COVID-19 Impact Study on Uganda Refugee Saving Groups

Refugee group moyo

Survey Methodology:

A small survey was undertaken by VisionFund Uganda (VFU) field officers between 24 April and 19 May, 2020 of refugees and host community savings group (SG) members in West Nile, Uganda. Interviews were conducted mostly face to face, with a small number conducted via phone call. Due to health considerations, the face to face interviews were carried out using social distancing, face masks and a smart phone application to digitally capture the results for analysis.

Individual group members interviewed: 417[1]. Women: 229; men: 188

Refugee: 246 and Host: 171

Locations: Obongi district (previously Moyo): 270 and Yumbe district: 147



Understand the effect of COVID-19 on savings group (SG) on both host and refugee communities in the two districts.



In Uganda, because of COVID-19 restrictions, all meetings with more than five people are prohibited. At the same time, non-essential businesses were closed and transport limited. A normal SG has 24 - 30 members; so with the “meeting in small groups” restriction they are meeting in groups of five to get their savings and then through the group leaders consolidating these funds into the savings box.

VFU has been working in Obongi district since May 2019 and has disbursed US$ 92,000 to 100 savings groups, supporting 2,264 individual group members. VisionFund started training saving groups in Yumbe district late 2019, but has not financed any group yet. Savings groups have been operating in both districts for some time and all the interviewed groups have been in existence for at least two cycles (or two years). VFU is the first MFI to offer loans into those groups. It should be noted that this survey was primarily looking at how savings groups have been impacted and not the loans from VFU.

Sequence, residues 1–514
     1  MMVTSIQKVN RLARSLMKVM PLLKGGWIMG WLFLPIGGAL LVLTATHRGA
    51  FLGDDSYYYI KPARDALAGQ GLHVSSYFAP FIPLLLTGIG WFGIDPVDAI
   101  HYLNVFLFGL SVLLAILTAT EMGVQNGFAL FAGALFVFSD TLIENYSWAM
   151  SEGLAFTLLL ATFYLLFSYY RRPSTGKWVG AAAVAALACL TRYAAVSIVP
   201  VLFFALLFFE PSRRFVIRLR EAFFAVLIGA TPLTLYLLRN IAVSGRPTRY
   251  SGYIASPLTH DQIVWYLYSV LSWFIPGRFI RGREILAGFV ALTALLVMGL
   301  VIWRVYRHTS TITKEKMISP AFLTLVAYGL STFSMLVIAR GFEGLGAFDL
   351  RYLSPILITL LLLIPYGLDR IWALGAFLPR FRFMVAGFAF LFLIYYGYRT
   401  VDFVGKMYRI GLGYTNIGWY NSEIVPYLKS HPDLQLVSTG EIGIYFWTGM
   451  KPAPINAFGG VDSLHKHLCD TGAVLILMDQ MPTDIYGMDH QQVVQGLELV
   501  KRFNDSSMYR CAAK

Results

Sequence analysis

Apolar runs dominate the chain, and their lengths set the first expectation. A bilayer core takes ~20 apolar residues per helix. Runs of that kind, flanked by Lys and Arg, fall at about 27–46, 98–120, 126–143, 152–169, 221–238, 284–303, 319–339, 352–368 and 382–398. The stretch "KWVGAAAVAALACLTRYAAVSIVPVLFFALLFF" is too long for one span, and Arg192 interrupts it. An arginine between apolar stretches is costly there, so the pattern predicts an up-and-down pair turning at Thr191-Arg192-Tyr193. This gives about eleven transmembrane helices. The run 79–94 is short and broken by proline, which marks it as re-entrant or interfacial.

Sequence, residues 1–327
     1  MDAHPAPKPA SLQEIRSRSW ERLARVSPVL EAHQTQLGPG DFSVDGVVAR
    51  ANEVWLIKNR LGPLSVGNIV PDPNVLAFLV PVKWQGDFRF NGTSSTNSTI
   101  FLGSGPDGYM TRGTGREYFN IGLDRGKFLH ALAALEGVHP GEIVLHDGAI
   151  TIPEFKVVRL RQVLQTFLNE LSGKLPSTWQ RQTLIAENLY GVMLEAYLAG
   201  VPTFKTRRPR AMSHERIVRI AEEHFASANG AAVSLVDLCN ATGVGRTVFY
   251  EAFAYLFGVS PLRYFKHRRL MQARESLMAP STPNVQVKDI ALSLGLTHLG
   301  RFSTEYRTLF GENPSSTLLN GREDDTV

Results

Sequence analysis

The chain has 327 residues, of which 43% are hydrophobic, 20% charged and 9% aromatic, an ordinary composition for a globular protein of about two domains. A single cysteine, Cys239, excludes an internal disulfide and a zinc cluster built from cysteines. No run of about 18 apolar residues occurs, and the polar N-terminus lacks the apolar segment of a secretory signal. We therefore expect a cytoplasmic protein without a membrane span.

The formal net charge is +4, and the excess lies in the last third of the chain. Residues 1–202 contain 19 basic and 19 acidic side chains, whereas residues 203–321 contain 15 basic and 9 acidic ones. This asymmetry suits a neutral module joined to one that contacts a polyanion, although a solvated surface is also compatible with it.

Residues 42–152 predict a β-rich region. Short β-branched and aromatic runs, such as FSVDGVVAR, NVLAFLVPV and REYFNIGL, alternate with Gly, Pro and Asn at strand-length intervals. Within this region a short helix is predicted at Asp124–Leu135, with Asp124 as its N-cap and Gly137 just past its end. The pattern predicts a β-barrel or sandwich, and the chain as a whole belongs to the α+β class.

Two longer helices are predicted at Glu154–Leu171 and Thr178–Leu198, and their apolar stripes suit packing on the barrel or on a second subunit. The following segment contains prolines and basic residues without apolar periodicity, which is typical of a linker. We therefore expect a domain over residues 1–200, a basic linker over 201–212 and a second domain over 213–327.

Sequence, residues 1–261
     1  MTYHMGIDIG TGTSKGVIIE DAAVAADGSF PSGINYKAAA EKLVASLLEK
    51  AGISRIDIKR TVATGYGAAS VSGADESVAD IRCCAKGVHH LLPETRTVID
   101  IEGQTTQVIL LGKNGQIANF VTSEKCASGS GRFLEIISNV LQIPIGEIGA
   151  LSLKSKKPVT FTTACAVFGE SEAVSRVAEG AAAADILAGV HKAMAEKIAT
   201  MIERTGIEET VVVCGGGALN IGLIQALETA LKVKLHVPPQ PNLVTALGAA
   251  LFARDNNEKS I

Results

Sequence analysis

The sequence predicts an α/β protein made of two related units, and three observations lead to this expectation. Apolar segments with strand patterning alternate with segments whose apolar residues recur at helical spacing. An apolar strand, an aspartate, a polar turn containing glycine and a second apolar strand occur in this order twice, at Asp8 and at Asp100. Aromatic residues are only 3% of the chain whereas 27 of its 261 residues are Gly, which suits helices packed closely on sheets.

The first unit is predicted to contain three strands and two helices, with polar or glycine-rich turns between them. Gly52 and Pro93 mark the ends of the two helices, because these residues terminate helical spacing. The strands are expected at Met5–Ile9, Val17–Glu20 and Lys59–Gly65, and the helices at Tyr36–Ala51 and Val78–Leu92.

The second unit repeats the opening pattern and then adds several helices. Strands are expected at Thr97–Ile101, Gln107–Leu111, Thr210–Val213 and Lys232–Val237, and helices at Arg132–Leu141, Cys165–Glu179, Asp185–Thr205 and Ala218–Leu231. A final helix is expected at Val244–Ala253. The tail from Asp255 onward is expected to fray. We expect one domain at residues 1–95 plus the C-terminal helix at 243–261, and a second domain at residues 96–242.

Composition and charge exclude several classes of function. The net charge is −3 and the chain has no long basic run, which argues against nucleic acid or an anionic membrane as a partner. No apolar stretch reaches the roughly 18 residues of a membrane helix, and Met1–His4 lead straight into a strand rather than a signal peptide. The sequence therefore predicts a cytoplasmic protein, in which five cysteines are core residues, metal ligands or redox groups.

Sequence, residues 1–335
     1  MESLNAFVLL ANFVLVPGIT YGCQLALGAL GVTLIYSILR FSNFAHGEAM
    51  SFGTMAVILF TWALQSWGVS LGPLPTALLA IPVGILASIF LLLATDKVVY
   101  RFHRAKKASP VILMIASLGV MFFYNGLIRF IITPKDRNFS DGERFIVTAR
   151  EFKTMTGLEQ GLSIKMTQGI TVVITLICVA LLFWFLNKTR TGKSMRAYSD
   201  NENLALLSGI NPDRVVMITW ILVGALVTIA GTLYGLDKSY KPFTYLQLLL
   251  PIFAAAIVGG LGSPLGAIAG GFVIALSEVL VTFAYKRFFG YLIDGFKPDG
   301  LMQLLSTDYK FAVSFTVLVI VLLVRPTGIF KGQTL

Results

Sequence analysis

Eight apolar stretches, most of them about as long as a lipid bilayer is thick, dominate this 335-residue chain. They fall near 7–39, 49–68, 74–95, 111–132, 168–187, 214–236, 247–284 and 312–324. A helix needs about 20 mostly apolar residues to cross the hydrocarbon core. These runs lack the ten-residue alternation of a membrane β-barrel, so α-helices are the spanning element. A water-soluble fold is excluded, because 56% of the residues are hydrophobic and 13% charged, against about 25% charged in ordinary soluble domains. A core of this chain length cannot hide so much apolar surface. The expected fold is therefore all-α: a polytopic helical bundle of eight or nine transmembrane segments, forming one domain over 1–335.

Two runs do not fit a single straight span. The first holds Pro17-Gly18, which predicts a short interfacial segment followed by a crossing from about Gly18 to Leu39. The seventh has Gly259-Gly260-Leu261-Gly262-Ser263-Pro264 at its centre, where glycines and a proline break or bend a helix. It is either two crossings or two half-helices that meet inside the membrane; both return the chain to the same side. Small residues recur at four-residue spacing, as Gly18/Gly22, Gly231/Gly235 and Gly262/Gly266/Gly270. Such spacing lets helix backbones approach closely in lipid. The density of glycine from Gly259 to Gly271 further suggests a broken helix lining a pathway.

It should also be noted that prior to the survey, the refugee camps had a reduction in food rations due to funding shortages in WFP. Often those food rations were sold and contributed to additional income for the households. With the lockdown, they have lost that income.


Savings Group Meeting Behavior

The majority (81%) of the groups are still meeting; only 19% of groups have stopped meeting. The main strategy has been to keep meeting (65%), but in small groups as per government requirements on social distancing. One explanation for the stronger resilience of the refugee groups may be that these groups had more support in their formation than host groups.

[1] This study is about the impact of COVID-19 on saving groups in both host and refugee communities. In the two areas we looked at (Moyo and Yumbe), most saving groups in Moyo had already received financial services while in Yumbe individuals had received financial literacy training but no loans.


Almost all refugee groups are still saving (some are saving less) while 24% of host groups have stopped saving. The conclusion is that refugee groups have not only adapted to the new meeting guidelines but have also found ways to continue meeting, showing higher levels of resilience.